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Mammograms- Who Needs Them?

© Susun S. Weed

Perhaps no aspect of breast cancer is more widely publicized than screening mammography. Ads on television, in magazines, and in the daily paper urge women to deal with fear about breast cancer by having a yearly mammogram. We’re even told that doing this is a way to “really care for yourself.”

But screening mammograms don’t prevent breast cancer. A mammogram is an x-ray and x-rays cause cancer. The ads promoting regular screening mammography are paid for by those who stand to profit from their widespread acceptance and use - the manufacturers of the equipment and x-ray film. Whose health does this technology really benefit? Women’s health? Or corporate health?

Should women have screening mammograms? At what age? How frequently? Science hasn’t agreed on answers to these questions. Susun Weed believes that her anti-cancer lifestyle (see page xv in Breast Cancer? Breast Health! The Wise Woman Way) will decrease the risk of dying from breast cancer in a way that regular mammograms won’t.

She cares for her breasts with infused herbal oils, regular loving touch, organic foods, and healthy exercise - and forgoes regular screening mammograms. If you decide to have a mammogram, Weed offers advice on how to protect yourself and get the most out of it.

If You Decide to Have a Mammogram

  • Get the best, even if it means a long journey.
  • Go where they specialize, preferably where they do at least 20 mammograms a day.
  • Be sure the facility is accredited by the American College of Radiology.
  • Insist on personnel who specialize in mammograms. (Taking and reading mammograms are skills that require intensive training and a lot of practice.)
  • Ask how old the equipment is. Newer equipment exposes the breasts to less radiation. A dedicated unit (one specifically for mammograms) is best.
  • Ask how they ensure quality control. When was their unit calibrated?
  • Load your blood with carotenes by eating a cup of cooked sweet potato, winter squash, or carrots every day for a week before the mammogram to prevent radiation damage to your DNA.
  • Expect to be cold and uncomfortable during the mammogram, but do say something if you’re being hurt.
  • The more compressed the breast tissue, the clearer the mammogram. (But pressure may spread cancer cells if they are present.)
  • If your breasts are tender, reschedule. During your fertile years, schedule mammograms for 7–10 days after your menstrual flow begins.
  • Don’t wear antiperspirant containing aluminum; it can interfere with the imaging process. (Those clear stones do contain aluminum, as do most commercial antiperspirants.)
  • If you want another opinion, you’ll need the original mammographic films, not copies. (X?ray facilities only keep films for 7 years.)
  • Get your doctor to agree, in writing, before the procedure, to give you a copy of your mammogram. The U.S. Public Health Service advises women to ask for written results from a mammogram.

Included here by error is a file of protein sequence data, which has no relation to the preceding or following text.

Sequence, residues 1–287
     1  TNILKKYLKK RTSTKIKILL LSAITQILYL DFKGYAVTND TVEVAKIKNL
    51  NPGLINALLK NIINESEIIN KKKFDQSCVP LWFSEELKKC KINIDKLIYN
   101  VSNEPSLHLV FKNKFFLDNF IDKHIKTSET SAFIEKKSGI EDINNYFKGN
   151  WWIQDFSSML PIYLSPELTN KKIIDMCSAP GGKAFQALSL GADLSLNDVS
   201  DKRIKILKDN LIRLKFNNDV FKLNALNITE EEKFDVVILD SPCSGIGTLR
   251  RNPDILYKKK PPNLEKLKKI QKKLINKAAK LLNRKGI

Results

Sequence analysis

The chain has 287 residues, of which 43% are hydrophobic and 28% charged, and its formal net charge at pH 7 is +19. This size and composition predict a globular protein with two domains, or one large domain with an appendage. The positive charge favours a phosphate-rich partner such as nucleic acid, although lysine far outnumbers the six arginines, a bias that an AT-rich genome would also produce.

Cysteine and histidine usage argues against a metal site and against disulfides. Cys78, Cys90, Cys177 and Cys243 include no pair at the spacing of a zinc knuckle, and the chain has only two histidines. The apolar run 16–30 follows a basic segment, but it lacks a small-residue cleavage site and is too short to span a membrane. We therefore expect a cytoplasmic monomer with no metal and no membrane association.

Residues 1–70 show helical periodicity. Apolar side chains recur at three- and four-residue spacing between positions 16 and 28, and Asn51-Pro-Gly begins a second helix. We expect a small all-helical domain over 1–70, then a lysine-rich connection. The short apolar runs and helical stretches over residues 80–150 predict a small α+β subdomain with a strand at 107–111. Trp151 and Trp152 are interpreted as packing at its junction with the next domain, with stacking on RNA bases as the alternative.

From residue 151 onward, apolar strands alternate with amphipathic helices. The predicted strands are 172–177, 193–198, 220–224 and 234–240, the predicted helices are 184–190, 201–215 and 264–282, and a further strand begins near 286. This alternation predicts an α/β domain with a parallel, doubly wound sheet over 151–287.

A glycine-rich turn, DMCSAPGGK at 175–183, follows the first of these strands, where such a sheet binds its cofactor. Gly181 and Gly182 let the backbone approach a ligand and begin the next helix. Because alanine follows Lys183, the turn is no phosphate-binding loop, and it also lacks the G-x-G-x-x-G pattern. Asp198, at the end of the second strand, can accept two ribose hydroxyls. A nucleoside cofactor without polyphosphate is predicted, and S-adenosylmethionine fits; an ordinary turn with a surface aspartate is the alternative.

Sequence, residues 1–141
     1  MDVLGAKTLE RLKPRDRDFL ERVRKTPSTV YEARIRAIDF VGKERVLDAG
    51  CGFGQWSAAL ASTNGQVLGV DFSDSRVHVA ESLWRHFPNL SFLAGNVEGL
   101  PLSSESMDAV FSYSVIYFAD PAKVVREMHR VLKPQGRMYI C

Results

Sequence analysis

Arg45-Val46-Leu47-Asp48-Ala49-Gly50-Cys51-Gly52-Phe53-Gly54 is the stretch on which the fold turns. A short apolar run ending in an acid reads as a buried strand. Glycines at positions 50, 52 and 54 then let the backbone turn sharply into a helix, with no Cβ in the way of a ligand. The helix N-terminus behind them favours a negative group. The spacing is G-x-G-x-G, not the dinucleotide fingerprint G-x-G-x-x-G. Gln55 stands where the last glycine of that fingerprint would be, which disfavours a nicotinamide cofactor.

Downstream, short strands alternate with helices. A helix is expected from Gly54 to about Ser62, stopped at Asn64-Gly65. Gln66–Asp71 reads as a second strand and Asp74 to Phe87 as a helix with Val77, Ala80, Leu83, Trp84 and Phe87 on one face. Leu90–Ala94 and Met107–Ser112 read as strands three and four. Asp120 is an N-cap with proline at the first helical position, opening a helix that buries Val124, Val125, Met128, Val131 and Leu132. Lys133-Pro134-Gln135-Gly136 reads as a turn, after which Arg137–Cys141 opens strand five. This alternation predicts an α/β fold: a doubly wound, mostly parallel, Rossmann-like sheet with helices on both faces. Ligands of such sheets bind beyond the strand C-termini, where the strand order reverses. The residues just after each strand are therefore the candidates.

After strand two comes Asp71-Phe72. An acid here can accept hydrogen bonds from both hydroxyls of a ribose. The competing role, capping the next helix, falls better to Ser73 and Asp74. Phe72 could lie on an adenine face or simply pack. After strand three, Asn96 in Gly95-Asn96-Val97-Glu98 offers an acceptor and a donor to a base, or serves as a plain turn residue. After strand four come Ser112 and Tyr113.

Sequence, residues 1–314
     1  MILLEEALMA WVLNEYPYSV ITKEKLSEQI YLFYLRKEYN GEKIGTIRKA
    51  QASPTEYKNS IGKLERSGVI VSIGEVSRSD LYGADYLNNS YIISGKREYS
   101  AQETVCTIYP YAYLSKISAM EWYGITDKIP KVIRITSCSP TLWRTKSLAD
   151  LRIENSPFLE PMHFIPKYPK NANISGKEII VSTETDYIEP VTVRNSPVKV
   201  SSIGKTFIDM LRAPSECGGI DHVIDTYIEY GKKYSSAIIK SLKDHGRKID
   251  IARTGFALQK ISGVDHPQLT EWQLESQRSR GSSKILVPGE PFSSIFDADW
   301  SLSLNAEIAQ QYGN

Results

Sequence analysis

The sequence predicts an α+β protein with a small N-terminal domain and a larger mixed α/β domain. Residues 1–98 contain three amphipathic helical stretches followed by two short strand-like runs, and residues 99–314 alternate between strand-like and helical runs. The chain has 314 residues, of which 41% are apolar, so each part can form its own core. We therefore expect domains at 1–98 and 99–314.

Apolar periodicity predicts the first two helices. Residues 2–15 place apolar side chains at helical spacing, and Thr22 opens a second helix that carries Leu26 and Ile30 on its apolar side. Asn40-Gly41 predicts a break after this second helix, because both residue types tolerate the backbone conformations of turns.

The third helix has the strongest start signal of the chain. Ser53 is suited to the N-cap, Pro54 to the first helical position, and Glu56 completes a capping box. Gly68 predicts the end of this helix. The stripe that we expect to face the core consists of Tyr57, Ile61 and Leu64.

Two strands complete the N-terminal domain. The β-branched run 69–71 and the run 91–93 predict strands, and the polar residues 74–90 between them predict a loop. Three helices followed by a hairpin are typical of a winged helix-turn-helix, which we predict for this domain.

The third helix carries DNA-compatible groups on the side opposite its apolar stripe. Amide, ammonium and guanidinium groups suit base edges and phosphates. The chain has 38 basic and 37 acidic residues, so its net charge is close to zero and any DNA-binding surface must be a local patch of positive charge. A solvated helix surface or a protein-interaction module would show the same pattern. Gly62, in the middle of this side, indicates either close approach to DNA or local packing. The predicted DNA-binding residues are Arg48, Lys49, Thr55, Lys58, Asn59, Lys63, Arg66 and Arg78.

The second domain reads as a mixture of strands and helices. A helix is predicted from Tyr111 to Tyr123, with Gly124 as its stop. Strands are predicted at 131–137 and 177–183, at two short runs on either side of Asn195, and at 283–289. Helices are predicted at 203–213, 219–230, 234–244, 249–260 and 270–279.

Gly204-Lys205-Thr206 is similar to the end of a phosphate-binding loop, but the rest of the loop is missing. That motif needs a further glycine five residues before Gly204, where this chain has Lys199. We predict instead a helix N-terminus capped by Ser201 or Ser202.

• Given the high percentage of “false normal” mammograms, if you think you have cancer, trust your intuition.
  • Remove radioactive isotopes from your body with burdock root, seaweed or miso.

Remember: Mammograms don’t promote breast health.
Breast self-massage, breast self-exam, and lifestyle changes do.

Breast Meditation

Sit comfortably in front of a large mirror in a warm, private space. Bare your breasts.

Look in the mirror. Tell your breasts something like: “I love you. You are just the way you are supposed to be. I see your perfection. I know your beauty. I honor your power.” Use your own words. Repeat as many times as you like.

When you are done, close your eyes. Slowly bring your hands up and cup them under your breasts. Say: “My breasts are healthy. My breasts are powerful.”

Open your eyes and look at yourself in the mirror, saying, “My breasts are my strength. My strength nourishes me and others.”

Close your eyes and let your hands return to your lap. Sit quietly and breathe as you visualize glowing pink clouds within your breasts spiraling in toward your nipples for a minute. Continuing to breathe; let this sparkling pink energy spiral out for a minute.

As you breathe, imagine the energy doing figure-eights from breast to breast for a minute. Finally, imagine that you are plunging your hands into vibrant pink energy. Feel it flowing up your arms, through your armpits and out of your nipples.

Open your eyes, smile at yourself in the mirror, and come out of the meditation.

About the Author
Susun Weed is an extraordinary teacher with a joyous spirit, a powerful presence, and an encyclopedic knowledge of herbs and health. She is the voice of the Wise Woman Way, where common weeds, simple ceremony, and compassionate listening support and nourish health/wholeness/holiness. She has opened hearts to the magic and medicine of the green nations for three decades. Ms. Weed's four herbal medicine books focus on women's health topics including menopause, childbearing, and breast health. Visit her site for information on her workshops, apprenticeships, correspondence courses and more! Browse the publishing site to learn more about her alternative health books. Venture into the NEW Menopause site to learn all about the Menopausal Years the Wise Woman Way.



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